Biologia riproduttivadella cannaiola Acrocephalus scirpaceus in una zona umida dell’Italia Centrale

Quaglierini A.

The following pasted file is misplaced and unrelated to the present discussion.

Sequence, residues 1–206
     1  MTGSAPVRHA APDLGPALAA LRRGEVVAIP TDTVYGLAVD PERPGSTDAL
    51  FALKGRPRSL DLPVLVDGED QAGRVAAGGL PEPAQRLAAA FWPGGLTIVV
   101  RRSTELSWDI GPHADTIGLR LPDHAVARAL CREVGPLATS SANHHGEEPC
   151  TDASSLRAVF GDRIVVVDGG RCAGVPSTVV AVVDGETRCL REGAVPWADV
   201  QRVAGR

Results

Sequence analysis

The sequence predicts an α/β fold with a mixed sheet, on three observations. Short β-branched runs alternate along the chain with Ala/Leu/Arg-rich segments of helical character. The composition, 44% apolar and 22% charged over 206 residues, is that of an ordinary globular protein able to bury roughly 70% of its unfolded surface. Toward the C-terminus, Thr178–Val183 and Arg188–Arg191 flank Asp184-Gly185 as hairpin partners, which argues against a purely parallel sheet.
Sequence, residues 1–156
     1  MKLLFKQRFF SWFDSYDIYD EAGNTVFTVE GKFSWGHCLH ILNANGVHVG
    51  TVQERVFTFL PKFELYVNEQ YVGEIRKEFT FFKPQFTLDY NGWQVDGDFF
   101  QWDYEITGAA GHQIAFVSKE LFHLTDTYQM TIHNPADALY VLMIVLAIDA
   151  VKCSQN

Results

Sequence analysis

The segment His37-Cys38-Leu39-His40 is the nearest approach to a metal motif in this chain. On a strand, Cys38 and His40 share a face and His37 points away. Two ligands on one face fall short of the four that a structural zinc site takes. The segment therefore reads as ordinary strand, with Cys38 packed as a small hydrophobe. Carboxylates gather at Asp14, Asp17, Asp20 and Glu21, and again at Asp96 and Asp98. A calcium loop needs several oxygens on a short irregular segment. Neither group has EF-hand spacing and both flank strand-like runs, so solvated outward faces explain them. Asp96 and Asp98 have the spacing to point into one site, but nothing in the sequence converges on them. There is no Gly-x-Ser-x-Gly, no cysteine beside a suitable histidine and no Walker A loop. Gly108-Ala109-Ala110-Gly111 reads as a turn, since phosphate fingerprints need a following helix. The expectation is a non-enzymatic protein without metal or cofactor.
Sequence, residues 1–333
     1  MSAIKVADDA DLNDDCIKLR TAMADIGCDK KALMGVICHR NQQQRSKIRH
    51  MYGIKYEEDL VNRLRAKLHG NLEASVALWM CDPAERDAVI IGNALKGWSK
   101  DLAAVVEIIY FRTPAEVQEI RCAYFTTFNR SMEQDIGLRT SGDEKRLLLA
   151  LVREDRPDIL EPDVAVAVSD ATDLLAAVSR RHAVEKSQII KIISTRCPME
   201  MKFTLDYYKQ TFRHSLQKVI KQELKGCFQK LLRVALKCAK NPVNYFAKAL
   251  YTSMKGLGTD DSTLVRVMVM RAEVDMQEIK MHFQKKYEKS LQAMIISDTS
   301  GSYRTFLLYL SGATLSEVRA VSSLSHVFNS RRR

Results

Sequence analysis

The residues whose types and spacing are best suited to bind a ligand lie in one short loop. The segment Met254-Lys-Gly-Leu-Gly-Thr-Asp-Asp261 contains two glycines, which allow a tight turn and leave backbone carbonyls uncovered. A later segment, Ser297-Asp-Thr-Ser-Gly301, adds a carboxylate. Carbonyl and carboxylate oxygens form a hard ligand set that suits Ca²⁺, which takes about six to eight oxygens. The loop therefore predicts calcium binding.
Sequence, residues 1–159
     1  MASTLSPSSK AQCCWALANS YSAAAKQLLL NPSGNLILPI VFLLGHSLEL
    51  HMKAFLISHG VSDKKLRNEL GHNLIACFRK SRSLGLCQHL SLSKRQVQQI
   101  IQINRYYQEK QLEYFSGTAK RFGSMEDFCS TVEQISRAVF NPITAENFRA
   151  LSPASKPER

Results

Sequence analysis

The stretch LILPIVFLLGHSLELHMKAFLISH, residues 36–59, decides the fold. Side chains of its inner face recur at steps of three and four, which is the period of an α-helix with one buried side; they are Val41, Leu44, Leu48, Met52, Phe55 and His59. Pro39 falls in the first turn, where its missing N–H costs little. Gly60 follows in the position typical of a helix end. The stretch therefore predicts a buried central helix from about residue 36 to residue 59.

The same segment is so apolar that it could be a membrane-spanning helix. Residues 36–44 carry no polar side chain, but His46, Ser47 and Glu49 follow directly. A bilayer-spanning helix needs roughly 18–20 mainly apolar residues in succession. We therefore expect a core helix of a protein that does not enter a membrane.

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Breeding biology of reed warbler Acrocephalus scirpaceus in Central Italy. During twelve years (1999-2003), a study was carried out on the population of reed warbler Acrocephalus scirpaceus nesting in the Lake of Massaciuccoli, a large marsh in Central Italy. Data about location of nest and main reproductive parameters were collected. Reed warblers locate nests in pure reedbeds, upon young or two-year old stems. Nests are fastened to 3.5 stems on average, 91 cm above water surface and 32 cm far from open waters. Below nests, water is 15-cm deep on average, and reed density is 830 stems/m2. Nests are fixed to stems 231-cm high and 0.41-cm large. The complete clutch averages 3.5 eggs, a value lower than those reported in literature. Double brooding is a common feature, with first broods layed between May 4th and June 21th, and the second ones occurring between June 13th and August 8th. Hatching rate was 76.8%; and 82.8% of nestlings fledged successfully (1.95 fledged youngs per nest) for an overall reproductive output of 63.6%. No nestlings have been raised in 23.3% of checked nests. Although territories of the reed warbler are 440- m2 wide on average, the estimated total density in reed beds was 261 pairs/km2; thus a large part of suitable habitat for reproduction was not used. The breeding population is not decreasing, despite the general decay of the environment, because, contrary to great reed warblers, reed warblers are able to use also ecotones and intermediate-aged reed beds.